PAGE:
What is Bunion?
A Bunion is one of the most common foot ailments which usually occur near the joint at the base of the big toe. It is actually a bony protrusion which consists of excess or misaligned bone in the joint. Although they may develop on the fifth or little toe, bunions usually occur at the base of the big toe. In addition to causing pain, a bunion changes the shape of your foot, making it harder to find shoes that fit. The good news; however, is that you don’t have to hobble for the rest of your life, bunions can be treated.
Types of Bunions
There are several types of bun- ions.
Positional bunion forms from the growth of a new bone. With positional bunions, the joint enlarges as new bone grows. This stretches the joint’s outer covering. Force created by the stretching pushes the big toe toward the smaller toes. Eventually, the inside tendons tighten, pulling the big toe further out of alignment.
Structural bunions result when the joint at the base of the toe shifts position. With structural bunions, the angle between the bones of the first and second toes is greater than nor- mal which causes the big toe to slant toward the smaller toes. In severe cases, this may cause the second and third toes to buckle.
Many bunions are a combination of both types.
In most cases, bunions are caused by genetics and incorrect foot mechanics. The foot may flatten too much, forcing the toe joint to move beyond normal range. In some cases, arthritis or an injury produces a bunion. In other cases people are simply born with extra bone near a toe joint.
Tight fitting shoes further complicate the condition. Shoes such as high heels are particularly damaging to the toes. These shoes have a sloping foot piece and a narrow toe box. The slope causes the front of the foot to be pushed with force into the narrow toe box. The narrow toe box causes the toes to become squeezed together. Depending on factors such as duration of wearing constraining footwear, skeletal maturity, and individual factors, the toes can be- come permanently adapted to the new position and lead to the formation of a bunion. Once a bunion forms, the mechanics of the feet and toes are altered. Tendons begin to pull the toe into an abnormal position, and the problem tends to progress over time.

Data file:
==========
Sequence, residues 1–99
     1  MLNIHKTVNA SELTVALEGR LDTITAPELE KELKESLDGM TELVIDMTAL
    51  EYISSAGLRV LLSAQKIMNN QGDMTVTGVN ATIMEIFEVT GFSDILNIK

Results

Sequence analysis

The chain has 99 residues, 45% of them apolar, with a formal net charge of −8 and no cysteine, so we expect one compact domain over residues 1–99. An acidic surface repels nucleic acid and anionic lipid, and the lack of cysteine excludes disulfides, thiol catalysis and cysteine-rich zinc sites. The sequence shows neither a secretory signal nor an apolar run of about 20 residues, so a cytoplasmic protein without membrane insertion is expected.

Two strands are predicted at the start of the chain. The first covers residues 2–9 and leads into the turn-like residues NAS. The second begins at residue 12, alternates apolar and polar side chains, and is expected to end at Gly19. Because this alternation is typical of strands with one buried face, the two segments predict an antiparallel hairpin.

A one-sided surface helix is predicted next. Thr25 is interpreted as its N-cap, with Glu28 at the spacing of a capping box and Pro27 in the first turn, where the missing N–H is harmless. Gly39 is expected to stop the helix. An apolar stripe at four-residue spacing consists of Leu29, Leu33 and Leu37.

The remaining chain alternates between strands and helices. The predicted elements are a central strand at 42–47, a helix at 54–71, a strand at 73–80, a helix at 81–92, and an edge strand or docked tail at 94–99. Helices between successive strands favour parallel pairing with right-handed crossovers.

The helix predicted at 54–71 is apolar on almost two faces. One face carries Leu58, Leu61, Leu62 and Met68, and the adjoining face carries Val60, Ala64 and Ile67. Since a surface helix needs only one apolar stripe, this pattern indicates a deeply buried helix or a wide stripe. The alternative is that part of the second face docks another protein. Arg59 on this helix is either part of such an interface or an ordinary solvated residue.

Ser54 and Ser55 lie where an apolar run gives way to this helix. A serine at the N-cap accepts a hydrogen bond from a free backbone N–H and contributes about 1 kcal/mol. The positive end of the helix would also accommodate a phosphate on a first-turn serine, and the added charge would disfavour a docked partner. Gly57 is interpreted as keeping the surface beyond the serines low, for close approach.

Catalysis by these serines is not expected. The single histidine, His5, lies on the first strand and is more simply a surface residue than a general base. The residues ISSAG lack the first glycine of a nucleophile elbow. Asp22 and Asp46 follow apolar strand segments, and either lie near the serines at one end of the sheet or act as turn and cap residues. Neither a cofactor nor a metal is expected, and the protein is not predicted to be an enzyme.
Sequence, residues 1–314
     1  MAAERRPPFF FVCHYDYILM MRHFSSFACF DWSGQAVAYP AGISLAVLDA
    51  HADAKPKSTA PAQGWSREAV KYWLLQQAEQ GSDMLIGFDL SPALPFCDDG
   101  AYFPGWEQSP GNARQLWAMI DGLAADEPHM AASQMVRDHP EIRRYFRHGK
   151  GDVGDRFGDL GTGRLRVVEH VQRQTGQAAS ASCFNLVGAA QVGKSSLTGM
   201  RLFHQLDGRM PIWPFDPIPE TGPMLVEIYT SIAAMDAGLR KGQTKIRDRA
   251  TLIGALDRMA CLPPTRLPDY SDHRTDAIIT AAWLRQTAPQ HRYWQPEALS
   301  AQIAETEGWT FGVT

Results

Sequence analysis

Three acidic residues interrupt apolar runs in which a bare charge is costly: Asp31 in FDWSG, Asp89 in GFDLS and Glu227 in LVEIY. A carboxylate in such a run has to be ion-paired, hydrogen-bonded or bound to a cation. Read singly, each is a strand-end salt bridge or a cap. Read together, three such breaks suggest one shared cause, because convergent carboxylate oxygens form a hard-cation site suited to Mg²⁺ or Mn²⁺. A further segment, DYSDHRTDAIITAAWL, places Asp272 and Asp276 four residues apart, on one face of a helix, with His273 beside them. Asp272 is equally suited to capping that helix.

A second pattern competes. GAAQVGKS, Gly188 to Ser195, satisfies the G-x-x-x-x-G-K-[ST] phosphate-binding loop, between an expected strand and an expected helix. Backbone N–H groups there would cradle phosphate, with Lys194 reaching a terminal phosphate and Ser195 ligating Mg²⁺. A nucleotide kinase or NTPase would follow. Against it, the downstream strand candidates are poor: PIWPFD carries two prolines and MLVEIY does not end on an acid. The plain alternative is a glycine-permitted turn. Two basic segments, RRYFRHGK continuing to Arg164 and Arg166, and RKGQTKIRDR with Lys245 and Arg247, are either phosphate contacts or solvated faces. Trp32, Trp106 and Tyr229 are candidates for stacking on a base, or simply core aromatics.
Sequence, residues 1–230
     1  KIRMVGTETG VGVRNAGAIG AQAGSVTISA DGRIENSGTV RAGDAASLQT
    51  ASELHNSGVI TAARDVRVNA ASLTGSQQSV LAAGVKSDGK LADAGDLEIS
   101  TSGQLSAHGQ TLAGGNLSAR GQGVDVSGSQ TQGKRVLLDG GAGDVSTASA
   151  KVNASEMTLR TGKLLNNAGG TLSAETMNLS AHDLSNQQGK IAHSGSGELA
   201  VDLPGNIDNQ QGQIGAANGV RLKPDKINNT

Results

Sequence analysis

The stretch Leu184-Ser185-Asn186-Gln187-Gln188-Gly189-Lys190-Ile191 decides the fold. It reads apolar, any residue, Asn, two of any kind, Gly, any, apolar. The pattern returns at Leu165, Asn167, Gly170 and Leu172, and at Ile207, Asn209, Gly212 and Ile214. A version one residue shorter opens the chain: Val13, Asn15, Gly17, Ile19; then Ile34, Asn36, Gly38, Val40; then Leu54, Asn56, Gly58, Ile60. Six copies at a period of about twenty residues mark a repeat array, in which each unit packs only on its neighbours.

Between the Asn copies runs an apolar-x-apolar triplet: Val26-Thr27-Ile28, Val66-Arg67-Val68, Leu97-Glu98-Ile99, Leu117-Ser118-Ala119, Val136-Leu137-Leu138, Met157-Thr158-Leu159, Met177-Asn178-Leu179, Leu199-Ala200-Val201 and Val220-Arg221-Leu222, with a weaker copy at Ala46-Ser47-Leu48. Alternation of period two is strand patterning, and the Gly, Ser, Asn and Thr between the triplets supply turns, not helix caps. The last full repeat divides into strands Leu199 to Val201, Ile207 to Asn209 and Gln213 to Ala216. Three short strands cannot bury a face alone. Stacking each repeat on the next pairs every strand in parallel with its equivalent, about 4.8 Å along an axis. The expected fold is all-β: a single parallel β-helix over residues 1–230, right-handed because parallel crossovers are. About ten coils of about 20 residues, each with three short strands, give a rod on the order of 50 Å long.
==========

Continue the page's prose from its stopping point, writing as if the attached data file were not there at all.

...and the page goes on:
Foot Centers of NC treats all types of foot ailments including bunions. To determine the best treatment plan for your particular condition our podiatrists will ask you some questions about your pain. They may also test how far and how smoothly the affected joints moves, and watch how your feet rotate and flatten as you walk. X-rays may also be taken of your foot to show the position of the big toe joint. This allows the doctors to see whether the bunion is affecting other bones in your foot.
When a bunion is not severe, the problem may be corrected by wearing a different style of shoes. Or you may be prescribed custom—made shoe inserts (orthoses) to control incorrect foot mechanics.
For severe bunions, outpatient surgery may be recommended. Within hours after surgery, you’ll be on your way home and ready for recovery. Your foot will be bandaged following surgery and placed in a surgical shoe which allows you to remain mobile. Immediate weight bearing without the use of casting or crutches is standard post- operative recovery for bunions. In most cases, the majority of healing should occur within a few weeks and you can resume normal activity within a short period of time. Bun- ion surgery can both reduce pain and improve the appearance of your feet.
After surgery it is important to see your podiatrist as scheduled and follow all recovery instructions.